Bubble Point

Dew point

We may define the physical equilibrium constant, Ki:

At lower pressures (<10 bar) the fugarity coefficients in each phase are nearly equal:

And at these pressures the Poynting factor » 1:

 

 

  1. To find the bubble point pressure at a given,T, and composition, X, we know:
  2. I

    II

    And:

    III

  3. Given ViX, PSat, solve for P total:
  4. To find the dew point pressure at a given T and Y:

    IV

    Or:

    V

     

    Solve IV for X1, and then V for P, since Vi=f(xi) This may have to be done iteratively.

  5. Find Tbp and yi from P + Xis: Use III to get Tbp (unknown). PiSat and Vi are known, but may require root finding program: For vapor composition:

 

 

B-3 Missing

 

 

 

V. Flash calculations:

All Zi,P, and T are known; find Xs, ys, and V,L

 

Here:

And:

Therefore, for each component:

 

 

 

Plus:

 

 

We must iteratively find the roots which satisfy all of the n + l equations.

Example Calculations:

  1. Find the bubble pt. Pressure and vapor composition for a liquid mixture of ethanol (1) n hexane (2) at 331 K, X1=0.412.
  2. P1Sat = 323.5 mmHg P2Sat = 537.1 mmHg

    We also know the Von Laar coefficients:

    A = 2.41 B = 1.97

  3. Find the dew pressure and liquid composition in equilibrium with a 0.314 mole fraction nitromethane vapor, y1) in carbon tetrachloride at 318K. The Wilson parameters are:
  4. Wilson

    Antoines

    Wilson correlation:

     

     

     

     

    We must satisfy 3 equations:

    Initial guesses x1=x2=0.5

    Solution: x1=0.811 P=0.3443bar

  5. Estimate TBP and ys for acetone (1) water (2) mixture with x1=0.01, P = 1.013 bar.
  6. Given: Wilson Parameter:

    Without TBP we do not know PSats!

    Solution must satisfy:

    Guess ys & TBP: Try y=0.5 T=373

     

    Solution: y1=0.353 T=361.6K

    experimental

  7. Estimate TDP and xs for 0.36 mole fraction vapor ethanol (1) and hexane (2) at 1.013 bar.
  8. Wilson Parameters:

    Criteria that must be satisfied:

    Now with x1, x2, and T unknown. (Roots found are sensitive to initial guesses)

    If we guess x=0.5 T=350K

    Solution: x1=0.555 T=332.1K

  9. Flash Calculations

A 40 mol% isobutane 160 mol%n n-pentane mixture flows into a flash chamber ad flashes at 49° C and 3.2 bar. Find how much gas and liquid leave per mole of feed, and find the composition of both streams.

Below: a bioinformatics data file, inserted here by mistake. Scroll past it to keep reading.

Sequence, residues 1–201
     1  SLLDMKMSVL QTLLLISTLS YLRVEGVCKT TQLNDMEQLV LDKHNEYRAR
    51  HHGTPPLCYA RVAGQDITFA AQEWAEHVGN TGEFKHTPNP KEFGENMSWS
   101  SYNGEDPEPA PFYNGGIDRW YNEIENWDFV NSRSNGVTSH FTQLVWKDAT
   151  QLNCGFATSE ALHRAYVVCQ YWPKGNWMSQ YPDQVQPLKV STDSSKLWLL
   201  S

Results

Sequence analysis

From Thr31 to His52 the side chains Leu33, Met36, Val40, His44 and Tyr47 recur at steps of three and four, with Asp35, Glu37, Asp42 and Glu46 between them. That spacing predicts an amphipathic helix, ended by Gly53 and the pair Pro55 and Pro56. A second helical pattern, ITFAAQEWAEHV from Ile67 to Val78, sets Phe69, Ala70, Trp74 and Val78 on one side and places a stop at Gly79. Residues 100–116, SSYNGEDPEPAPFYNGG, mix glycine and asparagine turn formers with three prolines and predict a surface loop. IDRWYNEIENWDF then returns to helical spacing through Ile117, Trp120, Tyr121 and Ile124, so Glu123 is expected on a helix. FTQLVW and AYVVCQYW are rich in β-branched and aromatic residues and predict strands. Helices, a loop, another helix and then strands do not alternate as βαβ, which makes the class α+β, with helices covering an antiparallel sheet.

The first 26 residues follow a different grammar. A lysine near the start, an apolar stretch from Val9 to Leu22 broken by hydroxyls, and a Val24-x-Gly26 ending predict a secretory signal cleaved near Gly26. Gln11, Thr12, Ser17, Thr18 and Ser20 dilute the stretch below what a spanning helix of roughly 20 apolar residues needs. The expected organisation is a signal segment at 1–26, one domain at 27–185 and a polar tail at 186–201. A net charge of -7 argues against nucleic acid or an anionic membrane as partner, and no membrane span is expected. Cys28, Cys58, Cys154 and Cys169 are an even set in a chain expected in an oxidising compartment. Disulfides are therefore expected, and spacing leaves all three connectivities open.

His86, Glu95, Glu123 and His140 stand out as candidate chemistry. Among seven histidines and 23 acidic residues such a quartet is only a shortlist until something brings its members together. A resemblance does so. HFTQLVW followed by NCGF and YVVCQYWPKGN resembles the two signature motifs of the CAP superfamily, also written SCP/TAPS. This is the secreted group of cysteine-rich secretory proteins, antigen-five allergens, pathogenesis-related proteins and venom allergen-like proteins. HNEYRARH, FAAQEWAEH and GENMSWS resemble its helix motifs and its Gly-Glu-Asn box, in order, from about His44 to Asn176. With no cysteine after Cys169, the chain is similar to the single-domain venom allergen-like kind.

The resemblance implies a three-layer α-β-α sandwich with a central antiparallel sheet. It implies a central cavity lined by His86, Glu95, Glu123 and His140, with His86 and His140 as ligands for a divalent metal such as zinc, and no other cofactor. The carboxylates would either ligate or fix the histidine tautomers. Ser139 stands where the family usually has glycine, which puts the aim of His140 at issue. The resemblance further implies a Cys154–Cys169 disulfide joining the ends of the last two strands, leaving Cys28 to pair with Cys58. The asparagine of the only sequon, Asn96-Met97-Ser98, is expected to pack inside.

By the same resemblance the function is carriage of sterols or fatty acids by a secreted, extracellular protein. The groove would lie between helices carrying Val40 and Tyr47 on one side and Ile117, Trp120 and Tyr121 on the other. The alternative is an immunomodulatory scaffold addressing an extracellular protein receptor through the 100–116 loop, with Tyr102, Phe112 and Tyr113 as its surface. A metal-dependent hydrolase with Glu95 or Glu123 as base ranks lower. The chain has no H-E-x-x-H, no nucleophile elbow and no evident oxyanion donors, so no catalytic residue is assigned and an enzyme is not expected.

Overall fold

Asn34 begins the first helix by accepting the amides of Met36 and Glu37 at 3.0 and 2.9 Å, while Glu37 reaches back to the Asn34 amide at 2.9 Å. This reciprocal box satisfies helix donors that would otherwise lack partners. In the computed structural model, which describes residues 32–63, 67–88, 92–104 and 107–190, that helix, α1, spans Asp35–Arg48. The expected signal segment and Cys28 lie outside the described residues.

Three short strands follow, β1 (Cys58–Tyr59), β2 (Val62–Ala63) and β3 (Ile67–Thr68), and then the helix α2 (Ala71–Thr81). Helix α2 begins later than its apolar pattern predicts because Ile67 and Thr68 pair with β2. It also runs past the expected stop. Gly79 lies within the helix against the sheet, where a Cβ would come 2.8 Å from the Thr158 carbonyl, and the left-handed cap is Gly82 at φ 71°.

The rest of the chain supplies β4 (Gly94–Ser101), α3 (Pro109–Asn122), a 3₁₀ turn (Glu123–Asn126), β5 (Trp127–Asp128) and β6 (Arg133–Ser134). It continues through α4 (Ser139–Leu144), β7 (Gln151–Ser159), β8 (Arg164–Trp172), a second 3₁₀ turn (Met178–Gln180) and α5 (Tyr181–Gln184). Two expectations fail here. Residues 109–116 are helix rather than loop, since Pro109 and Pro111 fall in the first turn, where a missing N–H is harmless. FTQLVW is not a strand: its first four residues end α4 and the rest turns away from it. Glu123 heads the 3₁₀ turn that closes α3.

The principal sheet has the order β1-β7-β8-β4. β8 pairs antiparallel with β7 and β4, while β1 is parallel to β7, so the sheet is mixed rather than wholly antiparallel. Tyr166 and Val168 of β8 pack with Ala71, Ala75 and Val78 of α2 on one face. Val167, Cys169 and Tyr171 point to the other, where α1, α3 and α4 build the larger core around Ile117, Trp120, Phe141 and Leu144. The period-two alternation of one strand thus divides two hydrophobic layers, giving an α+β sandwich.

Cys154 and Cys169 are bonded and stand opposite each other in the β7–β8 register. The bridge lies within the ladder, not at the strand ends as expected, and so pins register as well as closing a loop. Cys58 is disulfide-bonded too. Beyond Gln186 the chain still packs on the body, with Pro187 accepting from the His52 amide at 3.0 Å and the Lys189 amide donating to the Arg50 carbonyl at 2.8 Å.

Here:

Determine K is

Also

 

 

 

Choose a basis of 1 mole feed/s. Here we must solve the following criteria:

Guess a value for V, solve for x1 and x2 from 1 & 2: Determine if this satisfies 3. (A table may help)

Solution:

L = 0.8 x1 = 0.33 x2 = 0.67

V = 0.2 y1 = 0.67 y2 = 0.33

All of these methods become easy with root finding methods. (See MathCad handout)

 

Adiabatic Flash

Here the energy balance must be used in conjunction with the mass balance and equilibrium criteria! (remember Hvgs!)

 

(I mole basis)

 

Since we do not know T, xs, or V we must solve the equation A in conjunction with the previous flash criteria.

Here:

For a binary system this gives us 4 equations and 4 unknowns. Also the modified Raoults Law requires an expression for PiSat(T)and g i(T).

 

 

 

 

 

We will also require Cps DHvgss, (rigorously as f(T), but seldom all available.) Then we may solve the 4 equations iterativey until the proper roots are found.

Phase Equilibrium from EOS

Extrapolation of the activity coefficient approach to highter T & Ps may not be possible since:

We may no longer ignore and The

Poynting factor. Instead we might directly use fugacity coefficients for both phases, and .

At equilibrium:

Here, we have 5 unknowns: (for binary)

Ys, Vs, P; when we calculate a Pxy diagram:

To find the molar volumes: (using Redlich-Kuvorg)

There will be 3 roots: liquid v, vapor v, and an "unreal" middle root.

We typically use mixture rules to get am and bm for the EOS to find these roots. This allows us to solve the fugacity forms of the EOS for and . Finally, for a binary mixture we must satisfy the criteria:

1

2

Starting at , , we may determine the entire composition pressure diagram. We may similarly substitute for flash calculations.

Multicomponent Mixture

Both the Wilson an NRTL equations are readily extended to manyu components.

Example: Find the dew point pressure and liquid phase mole fractions for a vapor mixture of acetone (1), methylacetate (2), and methanol (3) at 323K.

Given:

We also need 6 Wilson parameters to determine a ternary mixtures properties.

From aijs for each binary composition:

Start B-16